The question is more nuanced if you plan to overnight. Most boats have the weight capacity and space to stuff an anchor somewhere in the boat for overnight lake paddling trips. However, if part of your paddling plan involves portages, you might want to reconsider an anchor. If you’re in the Boundary Waters, do you really want to carry an anchor between lakes?
Flatwater Paddling – If you’re out paddling across flatwater, there’s plenty of reasons to bring an anchor – even if you’re not chasing fish. Sometimes it’s just nice to stop and rest and not have the wind blow you all around. And for day trips there’s plenty of space inside the boat. So why not bring an anchor along?
River Fishing – For river fishing, the only people who need anchors are guides who use drift boats. And even then, I rarely see them actually use the thing. Bringing an anchor along on a river float trip is a recipe for problems. And even if no problems happen, it’s still annoying to have an anchor weighing down your boat. In short, for river fishing from an inflatable kayak, inflatable raft or pontoon boat, leave the anchor at home.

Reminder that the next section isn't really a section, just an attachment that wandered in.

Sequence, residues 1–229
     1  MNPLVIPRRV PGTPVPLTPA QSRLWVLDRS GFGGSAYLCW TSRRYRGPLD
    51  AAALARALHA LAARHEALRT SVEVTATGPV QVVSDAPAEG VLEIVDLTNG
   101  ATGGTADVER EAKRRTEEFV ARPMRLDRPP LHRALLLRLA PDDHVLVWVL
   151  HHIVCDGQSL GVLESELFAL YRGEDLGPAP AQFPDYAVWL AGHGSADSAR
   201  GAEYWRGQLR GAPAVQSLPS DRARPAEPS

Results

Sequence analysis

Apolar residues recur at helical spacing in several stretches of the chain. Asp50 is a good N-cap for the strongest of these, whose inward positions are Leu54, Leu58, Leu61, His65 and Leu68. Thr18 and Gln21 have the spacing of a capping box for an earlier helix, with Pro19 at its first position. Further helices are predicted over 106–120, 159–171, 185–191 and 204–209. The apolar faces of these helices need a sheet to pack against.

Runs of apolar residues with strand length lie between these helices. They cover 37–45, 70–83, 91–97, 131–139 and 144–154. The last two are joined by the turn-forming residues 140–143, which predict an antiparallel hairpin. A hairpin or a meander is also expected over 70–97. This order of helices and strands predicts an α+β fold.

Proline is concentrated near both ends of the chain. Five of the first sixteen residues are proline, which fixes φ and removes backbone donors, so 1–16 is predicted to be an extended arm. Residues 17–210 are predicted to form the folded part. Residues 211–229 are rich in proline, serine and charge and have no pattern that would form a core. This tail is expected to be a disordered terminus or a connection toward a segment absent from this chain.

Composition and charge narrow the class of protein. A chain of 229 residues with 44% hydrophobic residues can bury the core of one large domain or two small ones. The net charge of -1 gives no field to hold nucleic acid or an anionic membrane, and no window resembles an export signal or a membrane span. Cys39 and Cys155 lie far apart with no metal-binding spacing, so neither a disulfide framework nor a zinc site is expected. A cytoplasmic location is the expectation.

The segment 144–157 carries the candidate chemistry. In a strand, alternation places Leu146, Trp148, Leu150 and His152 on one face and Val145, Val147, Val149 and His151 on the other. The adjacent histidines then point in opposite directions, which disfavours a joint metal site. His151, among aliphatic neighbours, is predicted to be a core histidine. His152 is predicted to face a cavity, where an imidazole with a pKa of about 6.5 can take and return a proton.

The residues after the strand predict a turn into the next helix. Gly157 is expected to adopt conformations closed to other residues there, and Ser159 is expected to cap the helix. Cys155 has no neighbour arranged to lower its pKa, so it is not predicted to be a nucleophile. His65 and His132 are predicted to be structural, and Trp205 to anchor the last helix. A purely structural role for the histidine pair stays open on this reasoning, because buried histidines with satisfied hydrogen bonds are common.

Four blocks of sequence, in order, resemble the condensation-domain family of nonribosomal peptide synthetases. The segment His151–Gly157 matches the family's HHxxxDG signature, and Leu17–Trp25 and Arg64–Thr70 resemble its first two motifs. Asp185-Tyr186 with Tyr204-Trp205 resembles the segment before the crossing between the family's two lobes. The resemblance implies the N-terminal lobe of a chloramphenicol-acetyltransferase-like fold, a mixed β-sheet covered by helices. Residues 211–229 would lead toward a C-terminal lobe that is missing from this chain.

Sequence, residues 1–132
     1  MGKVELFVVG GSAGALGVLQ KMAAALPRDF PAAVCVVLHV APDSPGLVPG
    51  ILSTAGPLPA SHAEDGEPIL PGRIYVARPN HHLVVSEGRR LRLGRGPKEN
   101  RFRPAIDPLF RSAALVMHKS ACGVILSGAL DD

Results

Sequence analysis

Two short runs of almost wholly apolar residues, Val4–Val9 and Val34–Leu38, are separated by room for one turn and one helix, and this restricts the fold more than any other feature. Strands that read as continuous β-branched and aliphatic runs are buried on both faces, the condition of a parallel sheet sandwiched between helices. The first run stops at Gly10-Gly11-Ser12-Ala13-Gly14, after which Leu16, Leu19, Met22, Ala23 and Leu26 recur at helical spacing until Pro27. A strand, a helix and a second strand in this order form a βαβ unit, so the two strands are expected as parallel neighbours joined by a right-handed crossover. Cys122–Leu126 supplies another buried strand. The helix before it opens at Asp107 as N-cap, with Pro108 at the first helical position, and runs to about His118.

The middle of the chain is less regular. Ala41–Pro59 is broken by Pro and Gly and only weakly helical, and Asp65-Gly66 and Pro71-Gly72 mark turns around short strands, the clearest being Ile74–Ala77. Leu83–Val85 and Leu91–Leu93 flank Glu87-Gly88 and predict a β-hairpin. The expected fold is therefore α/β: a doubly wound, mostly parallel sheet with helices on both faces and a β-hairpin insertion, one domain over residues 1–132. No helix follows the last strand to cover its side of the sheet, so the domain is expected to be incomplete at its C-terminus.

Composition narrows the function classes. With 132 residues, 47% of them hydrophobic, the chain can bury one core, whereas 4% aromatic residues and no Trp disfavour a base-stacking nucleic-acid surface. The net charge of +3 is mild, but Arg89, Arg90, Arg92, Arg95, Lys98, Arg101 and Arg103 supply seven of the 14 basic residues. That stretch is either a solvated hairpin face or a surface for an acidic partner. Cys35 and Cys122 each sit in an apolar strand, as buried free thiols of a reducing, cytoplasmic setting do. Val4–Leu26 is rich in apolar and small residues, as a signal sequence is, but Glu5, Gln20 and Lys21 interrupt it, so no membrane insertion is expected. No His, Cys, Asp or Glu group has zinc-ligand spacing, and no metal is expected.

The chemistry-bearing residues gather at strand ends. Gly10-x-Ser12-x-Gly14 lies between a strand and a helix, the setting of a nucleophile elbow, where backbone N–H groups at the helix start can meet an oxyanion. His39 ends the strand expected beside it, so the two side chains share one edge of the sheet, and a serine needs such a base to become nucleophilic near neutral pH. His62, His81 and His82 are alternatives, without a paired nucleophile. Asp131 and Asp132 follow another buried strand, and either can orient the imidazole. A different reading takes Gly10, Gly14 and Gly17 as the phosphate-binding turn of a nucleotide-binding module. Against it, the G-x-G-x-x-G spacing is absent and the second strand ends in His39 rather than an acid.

About the only possible reason to bring an anchor along on a river float trip is if you know that the current is very slow, or non-existent. And there are no rapids that can send your anchor tumbling around the boat. In short, you can bring an anchor along if the water is flat and there’s little current. For trips on rivers like these, an anchor can prove helpful – especially if you’re fishing.
Playing In the Ocean – You’re kidding, right? Ocean waves are rather large. And move rather fast. And even in many sheltered bays, waves become quite large if the wind picks up. The last thing you want in big waves is a steel anchor tumbling around inside your boat or kayak.
What Kind of Anchor To Get?
If after reading this article you decide that your boat uses require an anchor, then the next step is to determine what type of anchor to get. Just as importantly, you need to make sure to get the right rope to keep the anchor attached to the boat. So let’s go over some options.
For starters, you can always get what I got – an anchor direct from Sea Eagle. Their anchors are designed for inflatable boats and work well. They aren’t obnoxiously heavy. And the mushroom anchor design works well in preventing the anchor from getting snagged on underwater obstructions.